2022 Aston Martin Valkyrie May Be the Ultimate Wild Ride


Few cars have been as hotly anticipated as the Aston Martin Valkyrie. Or involved such a long wait. The first announcement that Aston Martin and Red Bull Racing would be working together on what was originally called the AM-RB 001 came all the way back in March 2016. Since then there have been the first renderings, confirmation of the Valkyrie name, announcements of the track-only AMR Pro and Spider variants, the sadly unrealized plans to take it to the races, an in-depth look at the Cosworth 6.5-liter V-12 that powers it, a tour of the configuration process, a simulator drive, and a real-seat experience at the 2021 Goodwood Festival of Speed ​​shotgunning Aston’s then-CEO Tobias Moers. It hasn’t all been smooth sailing either, with mounting delays and a still-unresolved legal dispute over deposits with a Swiss merchant group.

Now, finally, we drove it.

Let’s start with the good news for adrenaline-hungry billionaires still waiting to take delivery: The finished car absolutely lives up to designer Adrian Newey’s promise that it will be the most extreme factory-built vehicle ever to wear license plates and faster than most genuine racing cars. And while our first experience was limited to the 3.36-mile Bahrain International Circuit, it was in a fully street-legal car on road tires.

Okay, so for US buyers, street legal is a misnomer, as the Valkyrie can only be imported under “Show and Display” requirements – so no commuting or using to pick up wood from Home Depot. But in Europe, Aston took on the considerable costs and complications of securing full homologation. This required the use of what design director Miles Nurnberger proudly touts as the world’s smallest and lightest rear number plate lamp, which sits at the end of the trailing sequential gearbox housing.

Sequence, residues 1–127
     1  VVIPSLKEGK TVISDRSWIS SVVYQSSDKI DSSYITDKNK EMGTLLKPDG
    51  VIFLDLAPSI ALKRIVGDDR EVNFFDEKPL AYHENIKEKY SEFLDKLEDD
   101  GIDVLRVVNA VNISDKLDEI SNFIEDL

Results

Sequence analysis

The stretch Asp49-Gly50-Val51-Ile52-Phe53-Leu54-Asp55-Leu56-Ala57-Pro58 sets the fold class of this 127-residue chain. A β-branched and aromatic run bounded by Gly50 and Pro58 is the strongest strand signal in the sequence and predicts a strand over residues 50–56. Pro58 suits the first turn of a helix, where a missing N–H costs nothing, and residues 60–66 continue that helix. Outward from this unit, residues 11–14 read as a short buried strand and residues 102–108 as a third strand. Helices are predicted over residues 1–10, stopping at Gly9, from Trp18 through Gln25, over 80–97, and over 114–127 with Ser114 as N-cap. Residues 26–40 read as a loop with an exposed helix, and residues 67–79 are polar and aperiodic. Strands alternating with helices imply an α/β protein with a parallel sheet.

The Valkyrie’s need to accommodate human cargo was always a low priority in the packaging of the car, with Newey placing far greater importance on aerodynamic requirements. Although the passenger compartment is small, it could have been even smaller—Nurnberger recounts a meeting in which he managed to persuade the famed designer to free up an extra 8 millimeters of space (that’s 0.3 inches), ‘ a concession that won him a round. of applause from the engineering team. “Nobody could remember Adrian giving up more than 1 millimeter before,” says Nurnberger.

2022 aston martin valkyrie

Aston Martin

However, this concession did not create a spacious cabin; the Valkyrie is a car that is carried rather than put in. Getting in requires an inelegant shuffle over the sidepod and then collapsing into the carbon fiber racing seat. Once in place, a movable pedal box allows taller drivers to gain some legroom, but even with the seat’s modest amount of padding removed, an average-height driver’s helmet-clad head still hits the roof as soon as the door closes is.